“Beyond The GRE” Campaign And “GREXIT” Web List Seek To Downplay Tests In Graduate School Admissions

for further information:
Sandra L. Petersen, PhD  413 545-1808           
or Bob Schaeffer (FairTest)  239 395-6773

 

for immediate release, Thursday, November 1, 2018

“BEYOND THE GRE” CAMPAIGN AND “GREXIT” WEB LIST SEEK

TO DOWNPLAY TESTS IN GRADUATE SCHOOL ADMISSIONS

Scores from the Graduate Records Examinations (GRE) are not good predictors of success in many graduate school programs, according to leaders of an effort to reduce reliance on test results launched today. A “Beyond the GRE” website (http://beyondthegre.org/) and “GREXIT” list of programs that do not require the test (http://beyondthegre.org/grexit/) will give students information they can use to choose graduate programs. It will also provide faculty admissions committees with strategies for evaluating applicants without regard to standardized exam results.

Recently published research led by Dr. Sandra Petersen of the University of Massachusetts Amherst found that GRE scores do not predict which students will complete science, technology, engineering and mathematics (STEM) doctoral programs (http://beyondthegre.org/study/). In fact, GRE scores were negatively correlated with PhD completion for men. 

Petersen said, “Not only is the test not predictive of the most important index of success in graduate school, relying heavily on the GRE to select students can hamper efforts to promote diversity in many professions.” The “Beyond the GRE” website cites many studies to support these claims (http://beyondthegre.org/gre-scores-are-not-good-predictors-of-success-in-stem-doctoral-programs/).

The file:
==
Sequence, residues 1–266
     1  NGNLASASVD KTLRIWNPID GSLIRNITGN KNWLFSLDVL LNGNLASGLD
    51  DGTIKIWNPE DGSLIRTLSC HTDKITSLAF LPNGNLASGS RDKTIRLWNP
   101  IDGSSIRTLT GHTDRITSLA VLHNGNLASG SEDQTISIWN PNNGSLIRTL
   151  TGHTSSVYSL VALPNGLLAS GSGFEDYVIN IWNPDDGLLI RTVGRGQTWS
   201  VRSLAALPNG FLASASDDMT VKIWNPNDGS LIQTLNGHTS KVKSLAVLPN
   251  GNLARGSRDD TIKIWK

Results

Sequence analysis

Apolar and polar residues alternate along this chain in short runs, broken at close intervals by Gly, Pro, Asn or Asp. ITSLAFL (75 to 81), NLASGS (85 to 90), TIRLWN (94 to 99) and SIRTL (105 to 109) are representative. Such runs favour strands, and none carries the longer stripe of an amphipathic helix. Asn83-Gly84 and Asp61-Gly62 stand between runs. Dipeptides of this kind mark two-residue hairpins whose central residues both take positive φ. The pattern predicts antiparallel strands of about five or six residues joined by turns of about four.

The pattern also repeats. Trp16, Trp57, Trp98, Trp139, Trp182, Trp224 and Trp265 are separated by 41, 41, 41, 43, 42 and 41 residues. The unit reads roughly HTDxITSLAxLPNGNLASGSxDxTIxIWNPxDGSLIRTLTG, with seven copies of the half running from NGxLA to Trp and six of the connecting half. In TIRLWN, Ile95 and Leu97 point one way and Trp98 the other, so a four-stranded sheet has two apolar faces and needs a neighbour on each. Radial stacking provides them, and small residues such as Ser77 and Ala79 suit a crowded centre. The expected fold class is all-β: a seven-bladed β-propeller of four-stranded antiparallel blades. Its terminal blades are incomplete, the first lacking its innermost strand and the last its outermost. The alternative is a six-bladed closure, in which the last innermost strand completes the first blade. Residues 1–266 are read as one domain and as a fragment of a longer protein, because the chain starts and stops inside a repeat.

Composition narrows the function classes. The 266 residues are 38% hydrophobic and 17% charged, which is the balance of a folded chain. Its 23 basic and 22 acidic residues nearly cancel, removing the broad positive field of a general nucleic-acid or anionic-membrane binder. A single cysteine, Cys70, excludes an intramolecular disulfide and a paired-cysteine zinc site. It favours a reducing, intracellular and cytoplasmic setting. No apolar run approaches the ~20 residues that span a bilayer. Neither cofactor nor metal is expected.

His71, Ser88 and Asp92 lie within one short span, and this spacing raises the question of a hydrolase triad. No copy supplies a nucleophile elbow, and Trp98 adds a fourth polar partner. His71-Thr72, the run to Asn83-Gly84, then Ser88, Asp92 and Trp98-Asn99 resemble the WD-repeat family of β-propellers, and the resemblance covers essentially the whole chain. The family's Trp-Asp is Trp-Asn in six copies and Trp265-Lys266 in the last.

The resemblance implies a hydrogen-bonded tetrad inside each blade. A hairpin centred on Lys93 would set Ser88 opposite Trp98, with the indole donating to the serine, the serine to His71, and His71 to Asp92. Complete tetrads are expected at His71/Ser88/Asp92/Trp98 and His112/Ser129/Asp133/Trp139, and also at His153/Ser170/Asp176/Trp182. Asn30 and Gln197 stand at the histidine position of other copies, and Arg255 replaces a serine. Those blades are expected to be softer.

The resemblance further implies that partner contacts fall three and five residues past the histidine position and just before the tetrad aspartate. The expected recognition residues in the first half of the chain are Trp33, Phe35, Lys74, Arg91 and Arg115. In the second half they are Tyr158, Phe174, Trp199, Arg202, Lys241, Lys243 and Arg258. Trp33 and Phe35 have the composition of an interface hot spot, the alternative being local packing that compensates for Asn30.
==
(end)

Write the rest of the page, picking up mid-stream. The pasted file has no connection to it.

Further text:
Dr. Petersen added, “Students from underrepresented groups generally score less well than other students on the GRE.  Even if students with lower scores are admitted, the very fact that they know their scores can undermine their confidence and interfere with their performance.  Similarly, knowing the GRE scores of applicants they accept may affect the expectations and assessments faculty members have of those students.” 

Dr. Petersen continued, “In view of the GRE’s great cost to institutions, students and their families – both financial and personal -- why do we keep using a test that has not been found to be predictive of the endpoint we are trying to achieve? In fact, more and more institutions have decided to end their GRE mandates. Many others are working to come up with new systems for identifying talent. Our new website is designed to provide useful resources for developing such strategies. We hope it encourages more graduate programs to re-evaluate their testing requirements.” 

Robert Schaeffer, Public Education Director of the National Center for Fair & Open Testing (FairTest) added, “Just as ACT/SAT optional plans have surged across undergraduate admissions, we expect ‘GREXIT’ policies to achieve strong momentum at the graduate school level.”  A FairTest list now includes more than 1,020 colleges and universities with test-optional policies (http://www.fairtest.org/university/optional).

The “Beyond the GRE” campaign is backed by a network of organizations, academicians, administrators and educational researchers working together to develop doctoral admissions procedures that are more effective and inclusive than those that rely on GRE scores (http://beyondthegre.org/about-us/).

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